[Editor’s note: This story originally was published by Real Clear Energy.]
By Tammy Nemeth
Real Clear Energy
Amid the rush to net-zero and its fundamental transformation of Western civilization, a new Canadian academic institute seeks to spark the collapse of our hydrocarbon-based energy system. No longer are such open declarations of war on our civilization confined to the domain of peripheral left-wing activist organizations. Such is now openly declared as the purpose of the Cascade Institute, a mainstream academic center founded and led by Canadian academic and public intellectual Thomas Homer-Dixon, and sanctioned and funded by two Canadian universities and a cadre of foundations. The Cascade Institute states that in alignment with the UN’s Sustainable Development Goals (SDGs), its “unabashedly bold goal is to trigger a fundamental, positive, and rapid change in humanity’s trajectory” by producing studies and briefings to policymakers with the goal of destabilizing and ultimately demolishing the energy system at the heart of our complex society.
Since the early 1990s, Homer-Dixon has pursued the idea that environmental change is a major driver of global conflict. While he served as director of the Peace and Conflict Studies Program at the University of Toronto, his research for the Environmental Change and Acute Conflict project was brought to the attention of Vice President Al Gore, and Dixon was invited to give a lengthy briefing at the White House. Gore then asked him to participate in a Central Intelligence Agency task force to assess potential conflict predictors, known as the State Failure Task Force. Dixon left the project early but the influence of his views can be seen in the recent elevation of climate risk as a global threat by the American intelligence and national security community.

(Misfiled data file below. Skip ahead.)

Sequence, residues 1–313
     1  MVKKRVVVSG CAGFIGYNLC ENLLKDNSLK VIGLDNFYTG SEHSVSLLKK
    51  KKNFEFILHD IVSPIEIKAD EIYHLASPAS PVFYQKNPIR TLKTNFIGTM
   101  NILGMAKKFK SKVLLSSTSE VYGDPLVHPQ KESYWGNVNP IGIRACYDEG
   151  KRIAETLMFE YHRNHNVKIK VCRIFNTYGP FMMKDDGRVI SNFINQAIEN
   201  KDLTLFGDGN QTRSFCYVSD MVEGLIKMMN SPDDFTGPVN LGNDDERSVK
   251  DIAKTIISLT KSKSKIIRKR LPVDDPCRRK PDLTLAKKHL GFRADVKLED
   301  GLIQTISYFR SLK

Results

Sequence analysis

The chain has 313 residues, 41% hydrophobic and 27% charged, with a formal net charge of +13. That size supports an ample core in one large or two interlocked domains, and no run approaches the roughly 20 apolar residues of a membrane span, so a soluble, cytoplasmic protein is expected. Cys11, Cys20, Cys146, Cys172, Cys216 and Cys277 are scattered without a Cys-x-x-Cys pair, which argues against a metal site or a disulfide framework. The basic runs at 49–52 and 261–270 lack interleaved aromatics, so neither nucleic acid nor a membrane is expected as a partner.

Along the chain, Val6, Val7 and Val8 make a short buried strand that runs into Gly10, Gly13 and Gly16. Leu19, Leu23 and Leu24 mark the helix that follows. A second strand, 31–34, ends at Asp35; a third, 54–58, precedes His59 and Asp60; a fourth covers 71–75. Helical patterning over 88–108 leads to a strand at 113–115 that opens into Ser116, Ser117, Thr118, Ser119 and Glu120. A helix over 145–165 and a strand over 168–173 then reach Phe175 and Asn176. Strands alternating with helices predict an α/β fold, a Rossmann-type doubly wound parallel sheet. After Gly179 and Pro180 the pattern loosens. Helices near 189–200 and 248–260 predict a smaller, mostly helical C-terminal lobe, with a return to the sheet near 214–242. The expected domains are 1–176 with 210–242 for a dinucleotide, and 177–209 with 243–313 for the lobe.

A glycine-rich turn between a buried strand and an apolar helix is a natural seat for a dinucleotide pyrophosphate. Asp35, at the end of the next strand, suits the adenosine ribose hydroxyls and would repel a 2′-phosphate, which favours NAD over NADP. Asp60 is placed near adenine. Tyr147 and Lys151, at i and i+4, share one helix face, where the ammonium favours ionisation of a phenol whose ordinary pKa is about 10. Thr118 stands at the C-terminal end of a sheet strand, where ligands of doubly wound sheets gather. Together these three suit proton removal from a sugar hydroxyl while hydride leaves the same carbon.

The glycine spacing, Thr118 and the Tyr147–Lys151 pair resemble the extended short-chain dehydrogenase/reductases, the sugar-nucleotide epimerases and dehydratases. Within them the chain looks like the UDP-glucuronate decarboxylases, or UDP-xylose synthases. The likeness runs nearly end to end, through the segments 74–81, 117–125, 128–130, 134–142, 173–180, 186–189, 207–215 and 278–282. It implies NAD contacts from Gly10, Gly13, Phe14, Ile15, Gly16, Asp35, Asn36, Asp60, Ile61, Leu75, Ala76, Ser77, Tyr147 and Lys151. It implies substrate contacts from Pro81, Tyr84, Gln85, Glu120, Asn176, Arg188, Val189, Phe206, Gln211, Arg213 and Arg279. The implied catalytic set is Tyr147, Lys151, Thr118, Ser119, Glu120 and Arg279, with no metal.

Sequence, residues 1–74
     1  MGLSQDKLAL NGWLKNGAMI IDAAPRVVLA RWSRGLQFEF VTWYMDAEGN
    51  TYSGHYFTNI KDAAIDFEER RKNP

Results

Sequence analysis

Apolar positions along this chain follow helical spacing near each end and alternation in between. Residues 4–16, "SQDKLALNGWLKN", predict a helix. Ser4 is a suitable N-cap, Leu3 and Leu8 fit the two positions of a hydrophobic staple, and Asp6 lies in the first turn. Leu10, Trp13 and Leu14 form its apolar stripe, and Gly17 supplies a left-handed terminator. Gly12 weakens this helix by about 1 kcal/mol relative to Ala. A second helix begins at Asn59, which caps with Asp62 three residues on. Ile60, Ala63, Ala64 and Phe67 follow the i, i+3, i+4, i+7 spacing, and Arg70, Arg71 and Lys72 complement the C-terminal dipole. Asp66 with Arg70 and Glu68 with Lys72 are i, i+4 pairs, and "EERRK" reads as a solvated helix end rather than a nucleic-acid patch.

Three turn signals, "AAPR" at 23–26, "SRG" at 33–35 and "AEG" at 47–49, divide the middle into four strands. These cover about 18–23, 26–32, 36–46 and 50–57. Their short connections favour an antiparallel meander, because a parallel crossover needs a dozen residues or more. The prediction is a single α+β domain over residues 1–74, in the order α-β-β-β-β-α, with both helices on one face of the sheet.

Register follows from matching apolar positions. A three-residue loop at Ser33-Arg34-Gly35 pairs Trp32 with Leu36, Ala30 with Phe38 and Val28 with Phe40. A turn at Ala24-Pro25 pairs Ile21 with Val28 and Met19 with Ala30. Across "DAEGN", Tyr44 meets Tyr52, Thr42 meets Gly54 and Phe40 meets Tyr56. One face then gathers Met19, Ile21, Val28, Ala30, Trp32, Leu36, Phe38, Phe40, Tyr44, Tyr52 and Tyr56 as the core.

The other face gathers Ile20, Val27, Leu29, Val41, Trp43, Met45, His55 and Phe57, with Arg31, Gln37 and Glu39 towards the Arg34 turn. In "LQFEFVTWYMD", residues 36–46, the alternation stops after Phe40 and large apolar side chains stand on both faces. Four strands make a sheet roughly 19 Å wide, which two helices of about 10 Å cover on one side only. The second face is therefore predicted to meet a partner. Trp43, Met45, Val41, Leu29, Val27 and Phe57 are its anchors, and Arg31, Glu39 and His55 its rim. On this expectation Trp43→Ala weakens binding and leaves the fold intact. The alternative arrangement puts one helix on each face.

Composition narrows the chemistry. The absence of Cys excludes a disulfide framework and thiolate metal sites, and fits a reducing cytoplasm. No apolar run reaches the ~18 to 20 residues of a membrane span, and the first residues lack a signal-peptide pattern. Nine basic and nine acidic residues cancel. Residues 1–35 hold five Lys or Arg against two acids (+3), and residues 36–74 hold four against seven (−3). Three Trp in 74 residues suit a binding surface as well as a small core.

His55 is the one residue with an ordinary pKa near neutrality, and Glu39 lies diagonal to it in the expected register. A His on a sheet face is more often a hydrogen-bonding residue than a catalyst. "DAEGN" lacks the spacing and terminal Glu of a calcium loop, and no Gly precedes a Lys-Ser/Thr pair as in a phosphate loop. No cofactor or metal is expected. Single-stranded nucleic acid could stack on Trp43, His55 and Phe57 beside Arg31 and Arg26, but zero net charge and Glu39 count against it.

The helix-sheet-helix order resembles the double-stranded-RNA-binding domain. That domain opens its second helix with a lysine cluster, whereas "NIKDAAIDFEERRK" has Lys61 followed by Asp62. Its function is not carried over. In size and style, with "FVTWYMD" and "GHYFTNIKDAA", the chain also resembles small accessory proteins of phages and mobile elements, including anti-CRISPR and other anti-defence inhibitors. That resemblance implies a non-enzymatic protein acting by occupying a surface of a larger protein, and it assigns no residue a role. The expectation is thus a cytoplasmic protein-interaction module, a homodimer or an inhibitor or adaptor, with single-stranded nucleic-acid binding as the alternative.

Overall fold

In the wake of the 2008/09 financial crisis, Homer-Dixon was invited to contribute to the “Great Transformation” conference in Essen, Germany, based on the organizers’ belief that it was “time to lay the foundations for a societal and economic transformation process, which is needed to minimize the negative consequences of climate change.” Presenters, who included John Podesta from the Center for American Progress and advisor to newly elected President Barack Obama, expressed the hope that the coming economic bailouts would be “green” and begin the type of structural changes necessary for an energy and societal transition. Homer-Dixon argued that from a systems perspective, economic policies were not enough – a concerted effort was needed to create a cultural shift in order to gain wider support for a global societal and economic transformation and a global green new deal.
When the hoped-for transformation did not happen, Homer-Dixon collaborated with ten other academics to develop a conceptual framework on the causes of global crises. In 2015, building on his previous work, they published a paper outlining the potential for a synchronous failure to collapse the current capitalist free-market system. One important realization: hydrocarbons and the energy infrastructure weren’t just another variable but in fact the keystone of our complex, interdependent socio-economic system, playing a central role in synchronizing societal crises. If the Western energy system could be kneecapped through an intervention of some kind, it would lead to a synchronous failure, with a domino-like “cascade” effect through the global system. Five years later, Homer-Dixon founded the Cascade Institute, with falling dominoes as its logo.